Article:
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Lifestyle // What's Next
Ron Nagasawa

Arts & Crafts

My wife has been walking on air lately. That is because with the Christmas holiday season, the craft fairs have arrived.

Now, I have nothing against craft fairs and crafters, they certainly have their place. And I must admit that they are the source for many unique and affordable gifts. I know a lot of people whose livelihoods come from the Christmas craft fairs, so more power to them.

It’s just that the only craft that interests me begins with the letter “K” as in Kraft Foods. Yes, macaroni and cheese or Oreos are Kraft incentives worthy of my attention, but the craft fairs of my wife’s passion hold zero interest for me. That’s not to say that I can avoid them.

You see, the weekends are for family, and I spend as much time as possible with my wife and daughter. I truly enjoy it, although golfing or playing it stag every once in a while wouldn’t be too bad, especially when the big weekend family event involves us going to a craft fair. Then I start acting like a 6-year-old who has to go to the doctor to get a shot. I’ll get all whiny and say, “Why do I have to go? I don’t wanna!”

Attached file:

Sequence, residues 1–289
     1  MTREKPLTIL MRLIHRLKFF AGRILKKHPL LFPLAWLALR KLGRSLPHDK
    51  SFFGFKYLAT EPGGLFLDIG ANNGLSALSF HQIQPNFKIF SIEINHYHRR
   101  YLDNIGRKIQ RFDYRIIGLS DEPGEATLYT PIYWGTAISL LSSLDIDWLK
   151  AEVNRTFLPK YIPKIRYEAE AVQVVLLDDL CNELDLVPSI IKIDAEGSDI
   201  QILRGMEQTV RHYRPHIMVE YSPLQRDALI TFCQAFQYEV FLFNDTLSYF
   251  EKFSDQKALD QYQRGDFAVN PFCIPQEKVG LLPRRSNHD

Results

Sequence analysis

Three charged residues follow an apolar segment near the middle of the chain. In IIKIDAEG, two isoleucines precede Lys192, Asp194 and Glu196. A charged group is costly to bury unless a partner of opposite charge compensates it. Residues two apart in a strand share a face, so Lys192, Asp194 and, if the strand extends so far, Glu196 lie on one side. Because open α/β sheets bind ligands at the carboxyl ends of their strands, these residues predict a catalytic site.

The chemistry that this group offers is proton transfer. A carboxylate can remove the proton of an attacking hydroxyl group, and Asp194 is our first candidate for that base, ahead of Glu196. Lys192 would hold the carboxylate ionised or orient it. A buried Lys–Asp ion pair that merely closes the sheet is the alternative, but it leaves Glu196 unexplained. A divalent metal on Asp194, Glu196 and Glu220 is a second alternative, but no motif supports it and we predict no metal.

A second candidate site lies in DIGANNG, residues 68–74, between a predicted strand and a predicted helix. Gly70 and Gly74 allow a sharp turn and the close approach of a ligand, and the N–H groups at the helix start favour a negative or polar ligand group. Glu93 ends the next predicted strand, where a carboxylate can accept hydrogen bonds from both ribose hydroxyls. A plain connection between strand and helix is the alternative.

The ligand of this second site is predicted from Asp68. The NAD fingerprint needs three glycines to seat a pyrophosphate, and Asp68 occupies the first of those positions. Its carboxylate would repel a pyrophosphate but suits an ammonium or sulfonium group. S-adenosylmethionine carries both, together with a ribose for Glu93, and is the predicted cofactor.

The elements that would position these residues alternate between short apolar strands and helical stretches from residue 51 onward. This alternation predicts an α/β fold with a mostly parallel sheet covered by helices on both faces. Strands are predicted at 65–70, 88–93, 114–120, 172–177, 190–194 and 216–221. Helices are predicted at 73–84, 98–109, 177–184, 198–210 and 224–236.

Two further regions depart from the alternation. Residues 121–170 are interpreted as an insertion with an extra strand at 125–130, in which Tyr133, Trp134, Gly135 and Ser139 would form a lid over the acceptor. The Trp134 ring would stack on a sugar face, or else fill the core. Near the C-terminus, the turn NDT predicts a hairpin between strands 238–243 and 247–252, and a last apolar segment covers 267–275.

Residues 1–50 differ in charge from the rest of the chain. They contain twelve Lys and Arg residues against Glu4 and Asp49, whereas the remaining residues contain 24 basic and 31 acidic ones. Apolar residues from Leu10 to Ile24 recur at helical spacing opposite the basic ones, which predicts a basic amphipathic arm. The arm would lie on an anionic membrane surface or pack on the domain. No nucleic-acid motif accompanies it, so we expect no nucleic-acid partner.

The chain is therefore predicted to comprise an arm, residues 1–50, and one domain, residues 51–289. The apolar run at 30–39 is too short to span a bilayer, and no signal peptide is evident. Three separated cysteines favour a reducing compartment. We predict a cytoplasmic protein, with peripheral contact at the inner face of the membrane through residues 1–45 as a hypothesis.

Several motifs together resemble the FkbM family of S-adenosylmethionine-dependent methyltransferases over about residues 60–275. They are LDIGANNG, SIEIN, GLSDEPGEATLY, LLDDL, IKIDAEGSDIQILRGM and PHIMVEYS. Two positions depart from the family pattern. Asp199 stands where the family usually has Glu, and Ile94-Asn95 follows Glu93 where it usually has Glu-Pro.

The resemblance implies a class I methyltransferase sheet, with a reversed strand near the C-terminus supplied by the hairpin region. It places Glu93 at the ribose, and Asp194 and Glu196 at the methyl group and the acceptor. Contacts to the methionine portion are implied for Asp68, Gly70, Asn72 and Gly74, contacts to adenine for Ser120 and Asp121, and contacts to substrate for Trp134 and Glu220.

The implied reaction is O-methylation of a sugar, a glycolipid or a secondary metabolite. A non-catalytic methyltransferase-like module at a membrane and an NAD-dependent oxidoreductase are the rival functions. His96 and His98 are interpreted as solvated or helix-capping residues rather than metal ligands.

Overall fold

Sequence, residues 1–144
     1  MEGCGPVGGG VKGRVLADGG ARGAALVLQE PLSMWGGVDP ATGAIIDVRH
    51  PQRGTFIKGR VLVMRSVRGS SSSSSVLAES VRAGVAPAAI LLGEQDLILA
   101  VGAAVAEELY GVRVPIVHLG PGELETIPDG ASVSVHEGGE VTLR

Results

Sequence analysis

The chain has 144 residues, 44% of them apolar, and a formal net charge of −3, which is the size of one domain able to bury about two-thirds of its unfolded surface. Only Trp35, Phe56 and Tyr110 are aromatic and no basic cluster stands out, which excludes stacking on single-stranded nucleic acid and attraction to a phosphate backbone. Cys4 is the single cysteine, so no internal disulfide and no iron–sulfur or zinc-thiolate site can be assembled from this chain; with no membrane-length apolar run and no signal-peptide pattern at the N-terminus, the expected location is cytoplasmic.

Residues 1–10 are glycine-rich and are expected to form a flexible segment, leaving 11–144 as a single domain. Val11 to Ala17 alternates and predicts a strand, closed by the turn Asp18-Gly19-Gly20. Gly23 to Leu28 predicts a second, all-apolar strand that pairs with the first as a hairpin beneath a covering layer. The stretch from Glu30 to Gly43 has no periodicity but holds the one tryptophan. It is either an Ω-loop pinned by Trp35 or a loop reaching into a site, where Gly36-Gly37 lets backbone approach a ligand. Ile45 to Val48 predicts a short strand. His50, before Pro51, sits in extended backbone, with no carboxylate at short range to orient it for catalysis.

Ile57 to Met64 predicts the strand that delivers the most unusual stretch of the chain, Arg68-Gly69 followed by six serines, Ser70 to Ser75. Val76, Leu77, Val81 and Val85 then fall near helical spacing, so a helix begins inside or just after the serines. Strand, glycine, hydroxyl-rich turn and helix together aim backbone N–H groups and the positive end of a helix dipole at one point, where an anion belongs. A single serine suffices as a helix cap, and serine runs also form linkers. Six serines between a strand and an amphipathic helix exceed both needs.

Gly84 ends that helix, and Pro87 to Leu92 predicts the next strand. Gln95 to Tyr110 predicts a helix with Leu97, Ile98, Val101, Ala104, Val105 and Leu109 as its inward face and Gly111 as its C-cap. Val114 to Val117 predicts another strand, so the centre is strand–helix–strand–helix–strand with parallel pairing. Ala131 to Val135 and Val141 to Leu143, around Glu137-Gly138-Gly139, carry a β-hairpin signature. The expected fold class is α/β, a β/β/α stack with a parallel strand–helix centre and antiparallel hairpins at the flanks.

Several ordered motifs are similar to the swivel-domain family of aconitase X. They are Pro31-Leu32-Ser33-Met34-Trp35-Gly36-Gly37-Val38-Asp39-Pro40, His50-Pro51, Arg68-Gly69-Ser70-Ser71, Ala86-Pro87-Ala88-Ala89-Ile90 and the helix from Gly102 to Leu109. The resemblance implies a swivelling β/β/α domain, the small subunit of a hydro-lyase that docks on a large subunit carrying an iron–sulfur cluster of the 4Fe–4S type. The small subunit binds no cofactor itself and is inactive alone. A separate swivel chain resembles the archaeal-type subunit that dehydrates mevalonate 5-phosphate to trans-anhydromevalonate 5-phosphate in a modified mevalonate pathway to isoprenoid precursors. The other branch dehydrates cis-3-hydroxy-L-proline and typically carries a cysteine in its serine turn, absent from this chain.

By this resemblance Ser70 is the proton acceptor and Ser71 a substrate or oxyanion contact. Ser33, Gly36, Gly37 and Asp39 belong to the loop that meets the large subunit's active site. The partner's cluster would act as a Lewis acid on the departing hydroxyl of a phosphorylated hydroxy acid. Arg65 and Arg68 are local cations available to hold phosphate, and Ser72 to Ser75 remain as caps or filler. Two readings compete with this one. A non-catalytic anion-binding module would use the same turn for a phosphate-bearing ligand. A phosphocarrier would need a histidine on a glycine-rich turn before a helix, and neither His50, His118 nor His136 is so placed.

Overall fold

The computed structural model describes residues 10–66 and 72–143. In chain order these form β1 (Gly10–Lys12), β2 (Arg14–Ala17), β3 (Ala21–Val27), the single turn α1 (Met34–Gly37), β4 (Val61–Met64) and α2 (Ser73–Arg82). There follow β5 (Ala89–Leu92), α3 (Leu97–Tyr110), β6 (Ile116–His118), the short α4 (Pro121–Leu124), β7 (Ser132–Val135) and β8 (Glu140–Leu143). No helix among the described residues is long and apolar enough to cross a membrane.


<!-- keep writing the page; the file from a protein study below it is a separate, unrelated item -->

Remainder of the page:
Of course, in the end, I wind up getting the shot.

The one savior for me at these craft fairs is that a bunch of booths sell snacks. Not full-blown meals, but stuff like cookies, mochi, taro chips and kettle popcorn. Each of those booths lets you taste its wares, but the sample is so small that you need to keep going back about a billion times. This process might kill about 15 minutes of time.

I will make a sincere effort to find products that interest me. But handmade jewelry, ceramics, quilts and clothing don’t quite do it. In the end, however, my wife is happy, some of the Christmas shopping is done … and did I mention that my wife is happy?

Maybe one day they’ll do a craft fair that caters to men – the Sears Craftsman Fair sponsored by Hooters.

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